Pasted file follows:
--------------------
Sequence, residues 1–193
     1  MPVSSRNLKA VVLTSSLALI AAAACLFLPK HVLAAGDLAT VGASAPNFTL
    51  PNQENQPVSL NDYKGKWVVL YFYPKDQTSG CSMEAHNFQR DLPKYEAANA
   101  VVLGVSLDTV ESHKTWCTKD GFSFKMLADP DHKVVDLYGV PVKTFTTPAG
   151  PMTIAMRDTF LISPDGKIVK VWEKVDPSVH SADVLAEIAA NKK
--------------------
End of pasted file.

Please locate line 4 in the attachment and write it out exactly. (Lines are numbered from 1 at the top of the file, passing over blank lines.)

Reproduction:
   101  VVLGVSLDTV ESHKTWCTKD GFSFKMLADP DHKVVDLYGV PVKTFTTPAG